Laleh Seddigh
Donning a Headscarf in the Cockpit

Laleh Seddigh is the star of Iranian car racing. The 30 year old driver had to fight hard to be accepted in the profession. Fatma Sagir met the young woman in Tehran

Iranian race car driver Laleh Seddigh (photo: Fatma Sagir)
"I love speed," says Iranian race car driver Laleh Seddigh.

​​Northern Tehran is currently experiencing a culture shock. Those expecting to see women in chadors and men with heavy beards will be taken aback. American 1950s-style clothing and neo-punk are the dominant fashion among young Iranians. Elvis has seen a revival here.

And the women? They are swimming in a sea of Gucci, Chanel and Prada. Tight, wrap-around clothes, tube jeans and the obligatory headscarf. And underneath it: loads of hairspray.

As we wait in the midst of this part of the city, honking taxis are speeding by, people rushing by, policemen and the morality police are on the lookout for breaches of the dress code and conduct rules. A silver Mercedes of the latest model and with dark windows arrives out of the chaos and drives toward us. A door opens. We look inside. Yes, there she is: Laleh Seddigh, Iran's biggest female star in race car driving.

She smiles and asks us to have a seat. We speed by the ugly, gray-brown buildings on all sides. We keep going. We eventually arrive at what used to be an old sawmill site, now a racing stable with a new test track. The 30-year-old racer slips into her overalls.

Clothing as a critique

A woman is arrested for disobeying the dress code (photo: AP)
A woman is arrested for disobeying the dress code

​​For the past eight years, this has been her professional garb. Laleh, which means "tulip," is from a sport-loving family. Two of her three siblings are also active sportswomen. And she herself already has a career in horse jumping behind her. "I love speed," she says. Her expression is defiant. "We are Muslims and yet we can still love the life we're living," she says.

If you want to understand the discrepancy between the state and its people, you need only look around on the large public squares in northern Tehran.

Clothes, even those of the men, are subject to constant scrutiny because they potentially question the system. They represent an individual's most personal outward attribute. Iranians mostly feel humiliated by the many rules and constant social control. Mothers with baby carriages are stopped and told that their coat is too short or their headscarf improper.

After the revolution, Iranian women sought to distance themselves from the Western image of women by wearing Islamic dress. But today they are making a statement against Islamic prescriptions for women that are still being held up three decades after the revolution. Dress is their form of protest.

Sometimes just looking fashionable is a statement in and of itself. Women are brazenly playing a game of testing the boundaries. One day it's a brightly colored headscarf pushed far back on the head, the next it's bright nail polish, then open sandals.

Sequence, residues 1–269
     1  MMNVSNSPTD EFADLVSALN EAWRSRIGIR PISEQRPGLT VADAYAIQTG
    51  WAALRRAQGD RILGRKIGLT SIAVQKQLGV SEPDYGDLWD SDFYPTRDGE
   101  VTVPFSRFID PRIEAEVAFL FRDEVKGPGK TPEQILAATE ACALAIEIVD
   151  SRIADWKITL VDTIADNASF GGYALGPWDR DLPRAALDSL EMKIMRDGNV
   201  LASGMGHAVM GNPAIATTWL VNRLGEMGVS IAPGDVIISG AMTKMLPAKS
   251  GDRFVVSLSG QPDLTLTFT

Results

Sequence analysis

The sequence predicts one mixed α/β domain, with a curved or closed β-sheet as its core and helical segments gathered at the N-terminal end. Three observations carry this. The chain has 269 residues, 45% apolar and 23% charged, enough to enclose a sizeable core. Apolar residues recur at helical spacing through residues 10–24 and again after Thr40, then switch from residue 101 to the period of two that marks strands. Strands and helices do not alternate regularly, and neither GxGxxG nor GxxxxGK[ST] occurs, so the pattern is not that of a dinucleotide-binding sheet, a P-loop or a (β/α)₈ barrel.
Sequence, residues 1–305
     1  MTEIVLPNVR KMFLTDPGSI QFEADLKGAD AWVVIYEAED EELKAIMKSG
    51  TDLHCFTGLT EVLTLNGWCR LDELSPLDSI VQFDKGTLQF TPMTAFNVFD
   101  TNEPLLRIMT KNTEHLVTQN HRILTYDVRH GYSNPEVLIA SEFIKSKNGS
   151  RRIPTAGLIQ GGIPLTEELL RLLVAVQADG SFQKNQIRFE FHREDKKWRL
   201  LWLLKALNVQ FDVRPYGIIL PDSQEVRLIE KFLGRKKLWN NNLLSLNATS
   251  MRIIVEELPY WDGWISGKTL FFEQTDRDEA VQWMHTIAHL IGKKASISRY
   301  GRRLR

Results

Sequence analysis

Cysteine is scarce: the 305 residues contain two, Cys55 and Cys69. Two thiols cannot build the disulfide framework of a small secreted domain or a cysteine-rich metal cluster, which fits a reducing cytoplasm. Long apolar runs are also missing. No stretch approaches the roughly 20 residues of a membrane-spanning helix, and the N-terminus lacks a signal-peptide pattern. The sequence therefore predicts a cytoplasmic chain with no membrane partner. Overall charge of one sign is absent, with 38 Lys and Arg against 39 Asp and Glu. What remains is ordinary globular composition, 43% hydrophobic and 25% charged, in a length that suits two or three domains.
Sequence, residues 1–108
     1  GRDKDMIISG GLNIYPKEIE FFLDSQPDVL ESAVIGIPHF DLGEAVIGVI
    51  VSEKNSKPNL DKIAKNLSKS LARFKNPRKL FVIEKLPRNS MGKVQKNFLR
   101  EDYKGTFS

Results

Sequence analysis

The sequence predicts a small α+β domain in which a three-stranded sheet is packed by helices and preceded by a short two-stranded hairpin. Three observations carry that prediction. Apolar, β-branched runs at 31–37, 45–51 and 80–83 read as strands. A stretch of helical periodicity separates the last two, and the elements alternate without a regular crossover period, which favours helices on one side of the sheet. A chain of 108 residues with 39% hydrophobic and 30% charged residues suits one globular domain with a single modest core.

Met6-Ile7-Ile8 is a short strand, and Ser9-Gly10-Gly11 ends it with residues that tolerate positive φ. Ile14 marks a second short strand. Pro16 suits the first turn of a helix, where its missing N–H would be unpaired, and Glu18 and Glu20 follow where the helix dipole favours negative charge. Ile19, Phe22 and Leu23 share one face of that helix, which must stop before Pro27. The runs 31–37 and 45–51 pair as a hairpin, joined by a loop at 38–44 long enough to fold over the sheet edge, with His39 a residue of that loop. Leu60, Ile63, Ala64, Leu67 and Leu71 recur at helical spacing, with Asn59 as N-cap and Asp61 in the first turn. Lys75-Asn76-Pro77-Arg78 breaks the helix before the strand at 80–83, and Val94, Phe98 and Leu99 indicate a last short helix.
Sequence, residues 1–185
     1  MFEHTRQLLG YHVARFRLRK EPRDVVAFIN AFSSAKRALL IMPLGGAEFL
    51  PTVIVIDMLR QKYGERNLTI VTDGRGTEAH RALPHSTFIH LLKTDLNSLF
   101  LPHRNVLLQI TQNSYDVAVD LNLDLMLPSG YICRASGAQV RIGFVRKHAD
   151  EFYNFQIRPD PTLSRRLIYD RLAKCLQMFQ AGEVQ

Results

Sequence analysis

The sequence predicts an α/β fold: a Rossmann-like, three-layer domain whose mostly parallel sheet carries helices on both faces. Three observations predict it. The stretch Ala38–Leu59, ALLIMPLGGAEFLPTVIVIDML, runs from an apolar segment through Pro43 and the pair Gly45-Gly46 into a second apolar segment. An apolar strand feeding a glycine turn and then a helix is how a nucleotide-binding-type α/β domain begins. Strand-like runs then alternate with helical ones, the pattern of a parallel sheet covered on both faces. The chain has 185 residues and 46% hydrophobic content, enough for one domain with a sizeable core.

"Freedom, you know?"

These small freedoms should not be over-interpreted. For Iranians, this is part of daily life. Many in the West understand these signs as the victory of the Western lifestyle. Not so, say Iranian women: "It's not about the superiority of the West. We are Iranians and we want to be free to choose our own path and how we dress," a woman tells us. "Freedom, you know?"

Laleh Seddigh knows. She fought hard for a fatwa that allows her and other women to participate in sports together with men. Previously women had been excluded from car racing on the grounds that they represented a security risk.

Today she is the unrivaled star of Iranian race car driving. She recently signed an advertising contract with the largest automobile manufacturer in Iran, Saipa. And soon she will be training the junior class of women drivers.

Laleh is vivacious and friendly, she laughs a lot. As she shows us a short film made by an Italian television crew, she is clearly amused. A funny and very telling scene demonstrates the reactions she often calls forth in public:

We see Laleh in the holy city of Mashad, in the middle of the desert in eastern Iran. She is standing in the foreground dressed in a tight-fitting light blue coat; behind her is a large sacred monument in honor of the Shiite Imam Reza. Pilgrims are streaming by her. Women in long black chadors stop in their tracks and stare at her with awe and suspicion.

While Laleh tells the camera that she enjoys playing the piano, painting and horseback riding, a man stumbles because he can't keep from staring at her. Laleh continues her monologue unperturbed.

Beauty and dynamism in Iran?

Then she shows us a film in which she takes over the camera herself. As she moves through the racing stable, drivers are standing around, it is raining, cars are being checked, we hear her laughing and cheerfully bombarding her colleagues with questions. Their reaction is as if they had just met up with their parents in a disco. Clearly the situation is uncomfortable for them, yet they remain polite.

We ask Laleh if she is aware that her lifestyle is unusual even by Western standards. She admits that in the United States people were astounded by her, too. "But this is my life, this is everyday life for me." Is she aware that Iran is never associated with beauty and dynamism, and that people think the veil is women's biggest problem?

She only laughs. "Women have it hard all over the world," she says, "perhaps here in Iran it's even harder." But because of this she believes Iranian women do not throw in their hands. They are braver than elsewhere; they take on the struggle, but in their own way, sometimes with Gucci and sometimes with a race car.

Fatma Sagir

© 2007

Translated from the German by Christina M. White

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